Why I practice Kungfu, part 2: Martial art

(Continued from part 1)

 

Martial art

I've always considered self-defence as one of the basic skills in life, similarly to reading, swimming or cooking. Thus I always expected that my hobbies and physical workout would eventually gravitate towards the martial arts. However, self-defence in principle is basically quite simple - you can get far with a few good techniques and skills. On the other hand, kungfu is often regarded as a very demanding martial art, where training can require a lot of time and effort. So, why kungfu?

Here are some of my thoughts on kungfu as a martial art, from my own years of training.

 

An old mural from the Northern Shaolin Temple, depicting monks practicing kungfuIt goes without saying that in any martial art, physical strenght, weight and height are crucial factors. If two fighters are roughly at the same level, usually the bigger and stronger one beats the smaller, weaker one. In martial sports, these differences can be compensated, among other things, with weight classes, but in the past martial artists didn't enjoy these kinds of compensations. One didn't always have the luxury of choosing their opponent, and especially in warfare, the victor was often the one who could leave the battlefield alive. This defined how traditional martial arts, such as kungfu, developed over time.

I myself have always been a small-sized, slim person - especially by Nordic standards. For this reason, training arts like kickboxing or wrestling for self-defence didn't seem like the best fit for me. I surely would've benefitted from them, but using their techniques I would have still had to fight primarily with strenght, weight and reach, none of which are my strong suits. What if I was an even smaller or lighter person? Or an elegant, slender woman?

Likewise, speed, agility and skill are big factors in combat. Like myself, the Chinese have generally always also been a small-sized people. However, despite external and internal threats, they have persevered to be the single longest running, unbroken civilization alive in human history. Kungfu has developed uninterrupted as a part of their culture at least for a millennium and a half, perhaps even longer.

So, what can kungfu offer for self-defence?

 

A great deal, in fact. First of all, in kungfu your physical characteristics do not necessarily need to adapt to the method, but the method can offer countless alternatives to benefit from them in combat. During its long history, kungfu has developed into innumerable styles, ways and techniques for fighting. Is your physique short yet stable? You will benefit from using the simple yet effective stances and techniques of Xingyi kungfu. Are you thin yet tall? Apply the piercing attacks and eluding force of the Crane or the Snake. Are you slow yet big-sized? Choy Li Fut and Lohan kungfu offer crushing techniques to make best use of your strenght and reach.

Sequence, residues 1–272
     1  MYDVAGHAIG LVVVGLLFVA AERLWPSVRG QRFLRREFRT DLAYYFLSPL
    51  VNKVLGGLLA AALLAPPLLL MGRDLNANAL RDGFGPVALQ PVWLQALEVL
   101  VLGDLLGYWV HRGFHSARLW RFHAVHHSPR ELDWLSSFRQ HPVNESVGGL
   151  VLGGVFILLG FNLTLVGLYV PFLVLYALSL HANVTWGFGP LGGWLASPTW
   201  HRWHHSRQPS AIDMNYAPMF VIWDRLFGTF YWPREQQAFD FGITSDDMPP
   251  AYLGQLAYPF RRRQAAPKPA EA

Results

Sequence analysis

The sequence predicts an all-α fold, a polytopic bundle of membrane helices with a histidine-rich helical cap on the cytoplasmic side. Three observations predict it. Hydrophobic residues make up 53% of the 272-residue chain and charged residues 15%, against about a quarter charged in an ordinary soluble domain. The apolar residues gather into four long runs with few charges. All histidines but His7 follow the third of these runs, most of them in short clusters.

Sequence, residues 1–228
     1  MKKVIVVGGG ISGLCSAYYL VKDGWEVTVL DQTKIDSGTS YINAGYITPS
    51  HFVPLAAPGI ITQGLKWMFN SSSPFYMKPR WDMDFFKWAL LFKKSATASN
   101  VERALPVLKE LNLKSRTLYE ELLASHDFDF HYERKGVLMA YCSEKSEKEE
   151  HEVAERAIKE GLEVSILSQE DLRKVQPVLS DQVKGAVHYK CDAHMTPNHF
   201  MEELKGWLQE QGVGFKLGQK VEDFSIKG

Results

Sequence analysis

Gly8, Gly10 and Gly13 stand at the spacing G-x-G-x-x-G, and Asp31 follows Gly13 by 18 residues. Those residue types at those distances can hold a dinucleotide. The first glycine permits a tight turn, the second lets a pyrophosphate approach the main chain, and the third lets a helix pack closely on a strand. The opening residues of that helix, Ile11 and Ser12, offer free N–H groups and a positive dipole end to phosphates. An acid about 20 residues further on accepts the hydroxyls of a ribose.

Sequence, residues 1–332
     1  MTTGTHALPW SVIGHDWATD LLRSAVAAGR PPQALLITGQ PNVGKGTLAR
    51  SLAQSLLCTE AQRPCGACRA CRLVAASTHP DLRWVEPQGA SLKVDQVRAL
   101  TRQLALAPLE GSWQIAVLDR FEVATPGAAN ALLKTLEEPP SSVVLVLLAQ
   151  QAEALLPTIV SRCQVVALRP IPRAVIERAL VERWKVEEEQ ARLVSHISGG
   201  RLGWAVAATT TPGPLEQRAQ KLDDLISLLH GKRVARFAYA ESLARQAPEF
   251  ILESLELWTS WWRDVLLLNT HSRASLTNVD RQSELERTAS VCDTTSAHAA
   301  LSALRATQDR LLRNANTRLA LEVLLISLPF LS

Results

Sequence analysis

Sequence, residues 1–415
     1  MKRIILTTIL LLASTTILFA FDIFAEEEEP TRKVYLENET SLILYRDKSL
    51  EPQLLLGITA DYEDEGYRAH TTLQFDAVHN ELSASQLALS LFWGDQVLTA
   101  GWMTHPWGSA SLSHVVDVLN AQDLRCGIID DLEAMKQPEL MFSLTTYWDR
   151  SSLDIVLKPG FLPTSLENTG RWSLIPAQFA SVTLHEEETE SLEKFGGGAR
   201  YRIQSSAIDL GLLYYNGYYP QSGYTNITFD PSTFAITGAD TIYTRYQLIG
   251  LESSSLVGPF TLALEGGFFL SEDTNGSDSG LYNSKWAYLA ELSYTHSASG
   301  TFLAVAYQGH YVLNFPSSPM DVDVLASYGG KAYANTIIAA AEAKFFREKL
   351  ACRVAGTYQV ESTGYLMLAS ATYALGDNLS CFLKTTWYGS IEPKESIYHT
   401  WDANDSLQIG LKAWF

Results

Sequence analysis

Essentially, in one way or another, all imaginable fighting techniques from throws to locks and punches to kicks can be found in kungfu.

 

There are formidable applications, strategies and force training found in kungfu for any body type. In practice, with kungfu anyone can fight. It is also excellently suited for women - many of the most famous masters in kungfu history have indeed been women. However, the versatility of kungfu isn't only limited to physical characteristics, but it can also incorporate the character, the personality, and the mental inclinations of the practitioner. Is it natural for you to calmly observe and assess before reacting? The smooth, meditative flow of Taijiquan will serve you well. Are you inclined towards playfulness and trickery? These features are the hallmarks of fighting with the monkey style. Do you prefer direct, no-nonsense solutions? For a tiger, the direction is often aggressively straight forward and through.

There are formidable applications, strategies and force training found in kungfu for any body typeSpecialization is not only restricted to different styles, but the best kungfu styles are comprehensive as martial arts - they include all necessary approaches and styles of fighting for different needs and different people. Shaolin Kungfu and Taijquan are good examples of this. However, there is an incredible richness of techniques and skills found in different styles of kungfu. Essentially, in one way or another, all imaginable fighting techniques from throws to locks and punches to kicks can be found in kungfu. Furthermore, kungfu also has techniques that you might be hard pressed to find elsewhere - for example, different kungfu strikes make use of every part of the hand, instead of just the knuckles of the fist.

For myself, kungfu constantly offers new challenges, new surprises, and new discoveries. During twenty years, I've practiced at least ten different styles, and trained in as many kungfu weapons. I've had the great fortune to practice with three different masters, and have been handed the opportunity to pass these arts forward to future generations. Despite all this, I still feel like I'm at the beginning of my journey. Is this a discouraging thought?

 

Not at all, because practicing kungfu is simply just damn good fun.

 

(Continued in part 3)